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TaiwanICDF Assists Guatemala in Establishing HLB Detection Center as Taiwanese Experience Raises Central American Partners’ Capacity to Fight Spread of HLB

TaiwanICDF Assists Guatemala in Establishing HLB Detection Center as Taiwanese Experience Raises Central American Partners’ Capacity to Fight Spread of HLB

With the Dominican Republic, Belize, Honduras, Guatemala, Nicaragua and other countries having been under attack from the citrus disease Huanglongbing (HLB) since 2008, the International Cooperation and Development Fund (TaiwanICDF) has been cooperating with the International Regional Organisation for Plant and Animal Health (OIRSA) to implement a Strengthening the Control of Huanglongbing (HLB) and the Implementation of Integrated Pest Management (IPM) in Citrus Project. The scope of implementation of the five-year initiative, which got under way in 2013, covers the Dominican Republic, Guatemala, Belize, El Salvador, Honduras, Nicaragua and Panama.

At the end of August 2014, the TaiwanICDF assisted the Guatemalan Ministry of Agriculture, Livestock and Food (MAGA) in establishing a regionwide HLB detection center. The hope is that the introduction of equipment and techniques from Taiwan will allow for the more precise and rapid detection and judgment of cases of HLB, thereby assisting in the control and prevention of the epidemic.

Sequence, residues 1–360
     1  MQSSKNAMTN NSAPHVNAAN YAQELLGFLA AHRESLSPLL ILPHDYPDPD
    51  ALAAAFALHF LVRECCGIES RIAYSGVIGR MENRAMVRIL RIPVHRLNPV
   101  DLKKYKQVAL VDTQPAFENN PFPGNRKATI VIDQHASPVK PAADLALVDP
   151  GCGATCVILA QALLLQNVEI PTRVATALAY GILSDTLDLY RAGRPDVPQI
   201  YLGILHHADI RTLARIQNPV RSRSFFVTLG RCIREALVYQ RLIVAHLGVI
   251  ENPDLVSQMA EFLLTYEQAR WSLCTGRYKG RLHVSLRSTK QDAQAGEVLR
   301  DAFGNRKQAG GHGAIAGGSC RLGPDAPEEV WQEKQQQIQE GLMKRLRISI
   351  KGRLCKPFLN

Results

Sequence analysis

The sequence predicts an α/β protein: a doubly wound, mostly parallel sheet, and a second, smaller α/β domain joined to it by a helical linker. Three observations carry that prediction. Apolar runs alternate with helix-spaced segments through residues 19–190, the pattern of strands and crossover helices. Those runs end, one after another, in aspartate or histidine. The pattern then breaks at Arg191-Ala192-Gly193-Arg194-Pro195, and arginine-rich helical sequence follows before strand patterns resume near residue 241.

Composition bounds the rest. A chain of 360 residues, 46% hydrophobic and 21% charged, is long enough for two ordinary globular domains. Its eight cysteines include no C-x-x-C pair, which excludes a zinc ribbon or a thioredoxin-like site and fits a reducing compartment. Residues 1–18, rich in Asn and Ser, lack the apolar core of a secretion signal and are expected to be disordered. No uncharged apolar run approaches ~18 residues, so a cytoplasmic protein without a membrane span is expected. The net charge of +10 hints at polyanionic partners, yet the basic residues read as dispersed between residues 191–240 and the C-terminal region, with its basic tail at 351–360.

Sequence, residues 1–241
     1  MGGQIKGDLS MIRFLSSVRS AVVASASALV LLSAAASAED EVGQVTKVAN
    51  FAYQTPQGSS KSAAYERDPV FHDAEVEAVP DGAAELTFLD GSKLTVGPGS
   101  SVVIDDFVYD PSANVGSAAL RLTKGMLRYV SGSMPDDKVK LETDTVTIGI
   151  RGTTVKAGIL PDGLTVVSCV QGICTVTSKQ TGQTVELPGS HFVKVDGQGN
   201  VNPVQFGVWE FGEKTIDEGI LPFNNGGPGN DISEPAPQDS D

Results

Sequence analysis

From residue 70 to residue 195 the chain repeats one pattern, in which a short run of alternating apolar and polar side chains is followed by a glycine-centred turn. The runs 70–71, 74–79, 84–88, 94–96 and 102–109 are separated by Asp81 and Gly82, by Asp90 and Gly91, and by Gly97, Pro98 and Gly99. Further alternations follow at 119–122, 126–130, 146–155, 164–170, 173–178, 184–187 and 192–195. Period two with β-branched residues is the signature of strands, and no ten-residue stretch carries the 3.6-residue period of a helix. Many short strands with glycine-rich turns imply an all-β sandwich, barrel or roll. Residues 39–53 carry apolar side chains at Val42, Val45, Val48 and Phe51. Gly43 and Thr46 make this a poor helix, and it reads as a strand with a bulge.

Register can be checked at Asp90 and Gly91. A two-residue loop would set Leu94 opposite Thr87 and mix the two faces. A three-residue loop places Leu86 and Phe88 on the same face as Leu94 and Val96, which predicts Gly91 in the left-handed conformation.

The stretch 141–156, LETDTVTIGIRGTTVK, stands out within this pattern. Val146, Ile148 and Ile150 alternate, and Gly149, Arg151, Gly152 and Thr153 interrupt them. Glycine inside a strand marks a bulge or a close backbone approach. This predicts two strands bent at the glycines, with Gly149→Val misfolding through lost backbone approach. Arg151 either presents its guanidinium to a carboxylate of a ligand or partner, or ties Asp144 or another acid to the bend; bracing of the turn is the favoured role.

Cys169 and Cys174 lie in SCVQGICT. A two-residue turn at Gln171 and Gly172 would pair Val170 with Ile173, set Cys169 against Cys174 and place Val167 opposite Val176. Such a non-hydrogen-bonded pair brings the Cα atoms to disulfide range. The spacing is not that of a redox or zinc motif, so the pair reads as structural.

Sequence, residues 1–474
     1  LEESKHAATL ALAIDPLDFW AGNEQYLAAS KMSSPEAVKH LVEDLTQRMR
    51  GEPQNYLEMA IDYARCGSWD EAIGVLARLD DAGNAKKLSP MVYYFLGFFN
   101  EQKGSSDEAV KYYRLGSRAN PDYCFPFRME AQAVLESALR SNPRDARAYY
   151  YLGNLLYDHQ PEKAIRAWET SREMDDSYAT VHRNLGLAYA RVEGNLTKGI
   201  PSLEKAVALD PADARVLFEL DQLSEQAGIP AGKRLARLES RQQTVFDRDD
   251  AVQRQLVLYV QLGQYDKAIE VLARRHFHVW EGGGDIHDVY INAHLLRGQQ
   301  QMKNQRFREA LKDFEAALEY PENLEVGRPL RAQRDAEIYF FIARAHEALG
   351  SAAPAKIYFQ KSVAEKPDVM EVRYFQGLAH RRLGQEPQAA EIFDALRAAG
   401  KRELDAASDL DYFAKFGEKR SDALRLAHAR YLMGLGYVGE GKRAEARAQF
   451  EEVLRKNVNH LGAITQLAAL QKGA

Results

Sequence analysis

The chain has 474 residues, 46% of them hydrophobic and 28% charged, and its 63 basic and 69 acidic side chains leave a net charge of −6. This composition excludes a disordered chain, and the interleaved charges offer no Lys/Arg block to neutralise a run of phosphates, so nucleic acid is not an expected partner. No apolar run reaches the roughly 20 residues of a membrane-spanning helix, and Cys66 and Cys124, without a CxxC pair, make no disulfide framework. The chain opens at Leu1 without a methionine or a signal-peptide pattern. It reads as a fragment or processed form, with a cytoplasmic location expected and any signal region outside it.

MAGA has paid considerable attention to the project, and has not only provided its “22 km Laboratory” to serve as the site of the center, but also sourced all of the instruments that the center has been equipped with from Taiwan.

In terms of technical skills, the TaiwanICDF has drafted in Dr. Hung Ting-hsuan, a professor from the Department of Plant Pathology and Microbiology at National Taiwan University, to introduce techniques from Taiwan. Specialist Taiwanese technicians have also been dispatched to assist in the training of local personnel working at the center in order to improve its soft components and hardware. In the future, samples from plants suspected of infection can be collected in the field and sent to the center for PCR (polymerase chain reaction) testing, where it should be possible to confirm the presence of HLB with a 100 percent rate of success.

Also known as citrus greening disease, HLB impedes the supply of nutrients to a plant, which causes leaves and stalks to wither and makes its roots decay, ultimately killing the whole plant. In the Dominican Republic, for example, since the presence of HLB was discovered in 2008 through to 2013, yields have declined by 60 percent, endangering the country’s citrus industry. If the disease continues to spread, it could cause production losses of as much as US$1 billion within the OIRSA’s jurisdiction, seriously affecting the region’s economy.

Through this project, the TaiwanICDF is passing on Taiwan’s experience, assisting partner countries in building the capacity to prevent and control HLB, and thereby safeguarding the continued development of the citrus industry. Overall, the content of the project involves assistance in building healthy seedlings systems, the implementation of comprehensive HLB prevention and control measures, the strengthening of disease detection technologies and the establishment of a monitoring and rapid response reporting system.

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  • Date:2014/8/29